APPLICATIONS OF TECHNOLOGY:
- Distributed data acquisition systems
- Medical imaging, e.g. PET
- Particle physics detectors
- Sub-10ps clock jitter at high speed data rates
- Reduced complexity and cost compared to traditional systems
Large electronic systems with distributed components must be synchronized with extremely low time jitter, particularly when the timing between components is measured in picoseconds. Traditional systems distribute the clock through dedicated lines in a complex, costly system.
A Berkeley Lab research team led by Woon-Seng Choong has developed a new digital detector board (DDB) module that acquires and processes high-speed data from silicon photomultiplier (SiPM) arrays, with ultra-low time jitter and at a lower cost than traditional methods. Complexity is reduced and flexibility increased by using High Speed Serial Interface Transceivers found in modern field programmable gate arrays (FPGAs) to distribute the clock, data, and control signals using a single line, and a single processing unit. The Berkeley Lab technology opens new doors for DDBs to be used in time-sensitive applications that require precision and high resolution data transfers.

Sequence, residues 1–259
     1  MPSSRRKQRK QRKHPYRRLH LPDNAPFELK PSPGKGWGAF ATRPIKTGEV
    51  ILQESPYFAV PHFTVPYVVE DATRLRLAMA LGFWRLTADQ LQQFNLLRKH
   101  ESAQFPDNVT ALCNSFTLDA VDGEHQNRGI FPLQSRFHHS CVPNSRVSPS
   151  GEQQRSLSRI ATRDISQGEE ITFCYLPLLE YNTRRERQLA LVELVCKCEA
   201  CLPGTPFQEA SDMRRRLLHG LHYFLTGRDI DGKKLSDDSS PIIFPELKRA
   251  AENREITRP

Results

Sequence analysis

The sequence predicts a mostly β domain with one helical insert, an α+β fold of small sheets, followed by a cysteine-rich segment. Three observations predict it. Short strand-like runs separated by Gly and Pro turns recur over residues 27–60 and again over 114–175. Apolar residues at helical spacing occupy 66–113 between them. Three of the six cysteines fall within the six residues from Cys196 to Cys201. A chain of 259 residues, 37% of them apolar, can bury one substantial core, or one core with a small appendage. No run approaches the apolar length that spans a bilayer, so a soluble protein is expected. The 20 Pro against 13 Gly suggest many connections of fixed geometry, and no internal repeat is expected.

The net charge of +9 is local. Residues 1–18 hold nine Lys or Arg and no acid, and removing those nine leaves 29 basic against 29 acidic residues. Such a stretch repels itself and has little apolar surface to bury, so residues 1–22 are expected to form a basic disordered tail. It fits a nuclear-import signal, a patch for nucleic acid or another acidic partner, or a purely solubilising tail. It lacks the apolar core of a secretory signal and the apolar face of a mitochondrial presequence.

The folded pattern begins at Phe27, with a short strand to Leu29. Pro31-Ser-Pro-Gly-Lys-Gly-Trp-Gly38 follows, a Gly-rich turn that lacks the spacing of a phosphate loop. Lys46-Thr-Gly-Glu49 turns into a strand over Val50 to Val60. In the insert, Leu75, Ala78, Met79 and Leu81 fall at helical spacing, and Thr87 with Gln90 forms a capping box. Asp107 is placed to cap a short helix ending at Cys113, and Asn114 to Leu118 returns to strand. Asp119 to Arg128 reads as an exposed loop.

DEVELOPMENT STAGE: Proven principle. Researchers conducted multiple tests and achieved the best jitter – 7.5 picoseconds (ps) – using a 5-meter fiber optic cable with a transceiver running at 5Gbps data rates.
STATUS: Available for licensing or collaborative research.
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